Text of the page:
Best Champagne Wine

The sparkling wine Champagne is named after the northern region of France where it’s produced. Other regions of France, as well as other countries, make sparkling wine, but only those from Champagne may be called Champagne.

Supposedly the eighteenth-century blind Benedictine monk, Dom Pérignon, accidentally discovered how to put the bubbles in Champagne when his wines started fermenting again in the spring after the cold winter had stopped them. Other records attribute this discovery to the British scientist Christopher Merret thirty years before Pérignon.

Pérignon is credited widely with improving the techniques of blending wines from different years as well as the three principle grapes used: the white grape Chardonnay and two red grapes, Pinot Noir and Pinot Meunier.

My reviews of these best value Champagne wines are updated weekly. These Champagne wines offer great taste at a good price. You can also get my top rated Champagne wines with scores of 90 or higher points. You'll find a definition of Champagne at the bottom of this page as well as food pairings for Champagne in my wine matcher. This is just a sampling of my reviews, but you can get all of them when you join my wine community.

Veuve Clicquot Ponsardin Vintage Rosé Champagne 2004
A.C., Champagne, France
Supremely satisfying and lovely... just like Mom. Hint. Gorgeous notes of field strawberry and some subtle smoke on a long, refreshing finish. Mouth-watering and crisp with some orange citrus lift on the mid-palate. Some kind of wonderful. Alcohol: 12%  Sweetness: Dry  750 ml  Drink: 2013‐2018  Gorgeous Gift Wine  Top Rated Sparkling Wine  Price: $97.95 Score: 96/100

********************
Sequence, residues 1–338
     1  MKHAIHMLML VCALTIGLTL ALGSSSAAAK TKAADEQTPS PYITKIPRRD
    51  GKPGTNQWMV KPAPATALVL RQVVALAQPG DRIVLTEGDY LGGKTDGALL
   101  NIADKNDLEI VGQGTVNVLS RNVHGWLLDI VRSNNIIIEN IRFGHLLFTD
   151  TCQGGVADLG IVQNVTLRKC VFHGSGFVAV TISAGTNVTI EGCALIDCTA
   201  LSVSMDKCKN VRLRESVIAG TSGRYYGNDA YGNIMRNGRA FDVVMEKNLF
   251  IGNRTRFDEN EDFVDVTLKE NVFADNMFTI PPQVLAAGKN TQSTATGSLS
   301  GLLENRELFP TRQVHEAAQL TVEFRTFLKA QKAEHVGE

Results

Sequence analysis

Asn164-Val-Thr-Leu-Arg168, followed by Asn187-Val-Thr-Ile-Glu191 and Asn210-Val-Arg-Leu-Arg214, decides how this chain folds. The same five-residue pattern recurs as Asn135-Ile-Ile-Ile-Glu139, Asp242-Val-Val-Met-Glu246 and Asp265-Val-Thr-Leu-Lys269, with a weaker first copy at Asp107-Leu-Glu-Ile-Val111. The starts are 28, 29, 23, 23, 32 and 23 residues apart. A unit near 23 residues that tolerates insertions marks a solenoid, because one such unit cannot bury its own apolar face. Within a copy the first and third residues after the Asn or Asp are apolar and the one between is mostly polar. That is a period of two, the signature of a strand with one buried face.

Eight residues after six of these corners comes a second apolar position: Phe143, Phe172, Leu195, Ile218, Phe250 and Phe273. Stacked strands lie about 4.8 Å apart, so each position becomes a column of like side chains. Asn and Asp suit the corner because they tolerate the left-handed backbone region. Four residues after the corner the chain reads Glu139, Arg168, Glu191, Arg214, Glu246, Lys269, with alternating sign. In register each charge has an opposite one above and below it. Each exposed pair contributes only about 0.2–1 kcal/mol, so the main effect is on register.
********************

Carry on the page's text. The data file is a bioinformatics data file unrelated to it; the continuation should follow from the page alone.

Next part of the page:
This Champagne was reviewed April 27, 2013 by Natalie MacLean

LCBO: 588475  259 in stock
SAQ: 325688  Check Stock
 

Nicolas Feuillatte Rose Brut Champagne
Champagne, France
Love it! Fresh Field strawberries and a toasty goodness. Rose bubbly is sooooo much more fun than regular. Alcohol: 12%  Sweetness: Extra Dry  750 ml  Drink: 2012‐2015  Price: $55.15 Score: 92/100

This wine was reviewed November 20, 2012 by Natalie MacLean

LCBO: 267039  Check Stock
 

Moët & Chandon Grand Vintage Brut Champagne Rosé 2002
A.C., Champagne, France
Terrific refreshment with a twist of strawberry field freshness. Complex and satisfyingly expensive. Alcohol: 12%  Sweetness: Extra Dry  750 ml  Drink: 2012‐2016  Top Rated Sparkling Wine  Price: $87.95 Score: 93/100

This Champagne Rosé was reviewed November 10, 2012 by Natalie MacLean

LCBO: 69831  72 in stock
SAQ: 461160  Check Stock
 

Champagne Brut  Non-Vintage
A.C. Champagne, France
Vintages Wine Panel: Blanc de Blancs simply means that it is made exclusively with Chardonnay. My note: Lovely notes of lemon and green apples. Sweetness: Extra Dry  750 ml  Price: $46.95 Score: 90/100

This Champagne Brut Non-Vintage was reviewed June 7, 2008 by Natalie MacLean

LCBO: 658500  Check Stock
 

Krug Grande Cuvée Brut Champagne
Champagne, France
There is simply nothing like Krug. I guess that’s why there are fanatics called Krugistes. This bubbly has it all: toasty and refreshing yet deeply flavoured. Celebrate anything with this, including just owning a bottle of it. Alcohol: 12%  Sweetness: Extra Dry  750 ml  Favourite Sparkling Wine  Price: $269.95 Score: 96/100

This Champagne was reviewed November 27, 2010 by Natalie MacLean